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. Last Updated: 07/27/2016

Inflation Blamed On Food Prices

Consumer prices rose by an above-expected 1.6 percent last month, the State Statistics Service said Tuesday, showing that the government had failed to tame prices ahead of State Duma elections in December.

The increase brings price growth in the first 10 months of the year to 9.3 percent, compared with 7.5 percent in the same period of 2006.

Consumer prices rose by just 0.8 percent month on month in September and 0.3 percent in October last year.

"We believe the government's administrative measures to deal with the sudden price spike have been largely cosmetic," said Rory MacFarquhar, an analyst at Goldman Sachs.

The government, seeking to calm public discontent over rising prices ahead of the December elections, has introduced a series of administrative measures, including intervention sales of government grain stocks.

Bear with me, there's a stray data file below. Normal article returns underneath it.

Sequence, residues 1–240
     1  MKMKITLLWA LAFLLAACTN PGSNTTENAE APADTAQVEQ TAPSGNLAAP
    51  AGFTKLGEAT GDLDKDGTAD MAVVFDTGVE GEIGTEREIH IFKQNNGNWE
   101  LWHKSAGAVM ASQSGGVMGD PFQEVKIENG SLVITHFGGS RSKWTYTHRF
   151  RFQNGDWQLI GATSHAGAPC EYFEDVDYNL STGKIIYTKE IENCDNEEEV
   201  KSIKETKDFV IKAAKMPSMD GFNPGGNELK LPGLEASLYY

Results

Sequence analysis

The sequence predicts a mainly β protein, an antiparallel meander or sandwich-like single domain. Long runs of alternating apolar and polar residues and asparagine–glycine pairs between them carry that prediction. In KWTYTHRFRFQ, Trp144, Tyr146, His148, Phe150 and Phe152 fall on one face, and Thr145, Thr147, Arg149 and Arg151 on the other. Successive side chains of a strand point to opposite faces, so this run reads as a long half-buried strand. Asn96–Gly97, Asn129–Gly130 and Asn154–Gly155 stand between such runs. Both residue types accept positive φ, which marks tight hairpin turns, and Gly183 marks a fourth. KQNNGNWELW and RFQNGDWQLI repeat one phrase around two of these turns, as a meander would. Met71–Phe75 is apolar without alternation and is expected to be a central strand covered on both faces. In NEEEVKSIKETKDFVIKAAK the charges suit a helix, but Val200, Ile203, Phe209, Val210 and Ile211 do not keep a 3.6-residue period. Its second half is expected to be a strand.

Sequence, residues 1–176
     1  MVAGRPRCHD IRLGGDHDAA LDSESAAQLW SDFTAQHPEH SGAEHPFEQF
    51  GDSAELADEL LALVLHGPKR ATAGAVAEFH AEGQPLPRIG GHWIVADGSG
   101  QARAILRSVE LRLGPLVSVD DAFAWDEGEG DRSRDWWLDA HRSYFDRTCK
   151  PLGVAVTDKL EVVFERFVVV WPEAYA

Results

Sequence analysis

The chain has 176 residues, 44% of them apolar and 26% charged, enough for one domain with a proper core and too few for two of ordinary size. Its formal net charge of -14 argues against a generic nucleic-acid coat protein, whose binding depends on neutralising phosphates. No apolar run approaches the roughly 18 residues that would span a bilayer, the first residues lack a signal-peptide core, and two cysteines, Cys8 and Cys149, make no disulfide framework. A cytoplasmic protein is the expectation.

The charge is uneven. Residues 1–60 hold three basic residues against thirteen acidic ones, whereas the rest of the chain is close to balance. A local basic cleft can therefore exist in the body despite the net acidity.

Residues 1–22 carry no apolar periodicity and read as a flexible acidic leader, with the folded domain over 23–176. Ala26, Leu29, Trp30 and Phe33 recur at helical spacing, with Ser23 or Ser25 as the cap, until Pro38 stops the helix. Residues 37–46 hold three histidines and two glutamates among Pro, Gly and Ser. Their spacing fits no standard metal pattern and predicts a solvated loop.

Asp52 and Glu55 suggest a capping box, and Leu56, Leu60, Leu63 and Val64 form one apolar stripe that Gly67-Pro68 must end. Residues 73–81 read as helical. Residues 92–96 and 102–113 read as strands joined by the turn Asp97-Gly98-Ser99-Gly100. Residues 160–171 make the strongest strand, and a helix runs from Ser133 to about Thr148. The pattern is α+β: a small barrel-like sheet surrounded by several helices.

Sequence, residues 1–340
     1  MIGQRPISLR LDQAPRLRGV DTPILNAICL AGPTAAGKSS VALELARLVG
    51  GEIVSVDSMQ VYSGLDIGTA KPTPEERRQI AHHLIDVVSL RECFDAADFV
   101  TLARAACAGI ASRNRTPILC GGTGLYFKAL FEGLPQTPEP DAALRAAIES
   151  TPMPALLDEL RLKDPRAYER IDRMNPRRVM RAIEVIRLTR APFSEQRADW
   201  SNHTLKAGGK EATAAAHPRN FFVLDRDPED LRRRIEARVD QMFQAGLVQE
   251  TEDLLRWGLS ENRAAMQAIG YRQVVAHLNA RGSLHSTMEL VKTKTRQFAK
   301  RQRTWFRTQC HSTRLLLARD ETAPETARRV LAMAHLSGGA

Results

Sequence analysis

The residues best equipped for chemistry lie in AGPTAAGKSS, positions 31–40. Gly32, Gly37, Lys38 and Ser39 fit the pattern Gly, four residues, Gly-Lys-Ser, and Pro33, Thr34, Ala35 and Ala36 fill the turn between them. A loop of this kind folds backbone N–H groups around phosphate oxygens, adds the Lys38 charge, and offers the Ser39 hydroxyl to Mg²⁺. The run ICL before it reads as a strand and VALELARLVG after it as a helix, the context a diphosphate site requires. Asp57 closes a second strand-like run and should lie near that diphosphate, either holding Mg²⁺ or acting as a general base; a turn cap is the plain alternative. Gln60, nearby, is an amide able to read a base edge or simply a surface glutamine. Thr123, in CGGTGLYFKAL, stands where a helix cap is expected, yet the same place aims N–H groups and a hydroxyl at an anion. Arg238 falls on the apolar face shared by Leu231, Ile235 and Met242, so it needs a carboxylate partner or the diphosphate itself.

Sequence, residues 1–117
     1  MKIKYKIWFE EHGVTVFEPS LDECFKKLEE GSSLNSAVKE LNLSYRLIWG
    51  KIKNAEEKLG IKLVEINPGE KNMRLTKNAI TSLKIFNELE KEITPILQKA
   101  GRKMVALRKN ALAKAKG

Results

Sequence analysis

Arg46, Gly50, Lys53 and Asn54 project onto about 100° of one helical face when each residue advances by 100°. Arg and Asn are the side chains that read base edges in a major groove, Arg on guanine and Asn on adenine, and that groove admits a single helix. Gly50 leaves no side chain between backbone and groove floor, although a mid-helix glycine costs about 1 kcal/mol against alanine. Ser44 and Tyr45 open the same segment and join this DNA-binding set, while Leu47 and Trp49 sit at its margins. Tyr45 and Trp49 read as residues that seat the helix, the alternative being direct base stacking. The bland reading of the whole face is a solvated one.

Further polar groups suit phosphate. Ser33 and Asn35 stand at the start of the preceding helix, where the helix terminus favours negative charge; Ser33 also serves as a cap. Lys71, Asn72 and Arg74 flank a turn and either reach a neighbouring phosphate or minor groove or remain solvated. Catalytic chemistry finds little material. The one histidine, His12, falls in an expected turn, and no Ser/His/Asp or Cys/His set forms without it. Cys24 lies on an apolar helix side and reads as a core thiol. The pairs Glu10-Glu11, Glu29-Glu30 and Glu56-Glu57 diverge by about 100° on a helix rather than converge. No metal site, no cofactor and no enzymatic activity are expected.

Food companies and retailers this month signed a pact to freeze the prices of basic staples, such as milk, bread and eggs, until the end of January, a measure described by economists as Soviet-style state intervention.

The government blamed the inflation spike on global food price growth. Excessive budget spending this year, which resulted in rising salaries and pensions hikes, has also played a role.

The Cabinet conceded that the initial 2007 inflation target of 8 percent was out of reach but has not yet set a new official inflation forecast.

The October increase was at the upper end of the Economic Development and Trade Ministry's forecast of CPI growth from 1.2 percent to 1.6 percent month on month.

The data showed that prices for sunflower oil rose by 26.3 percent and for milk by 11.2 to 13.1 percent. But the statistics service noted a slowdown in the growth of bread prices, which rose 1 percent in October compared with 1.6 percent in September. Core inflation, an indicator cleared of seasonal and volatile factors, stood at 2.1 percent in October, the highest monthly reading in 2007, bringing core inflation in the year to date to 8.9 percent.

A recent poll of economists saw annual CPI growth at a median of 10.7 percent. Some economists suggested that the freeze on food prices would threaten the 2008 inflation target, currently 7 percent.

"A new bout of price growth after the government 'de-freezes' food prices will threaten the 2008 inflation target," said Yevgeny Nadorshin, an analyst at Trust Bank.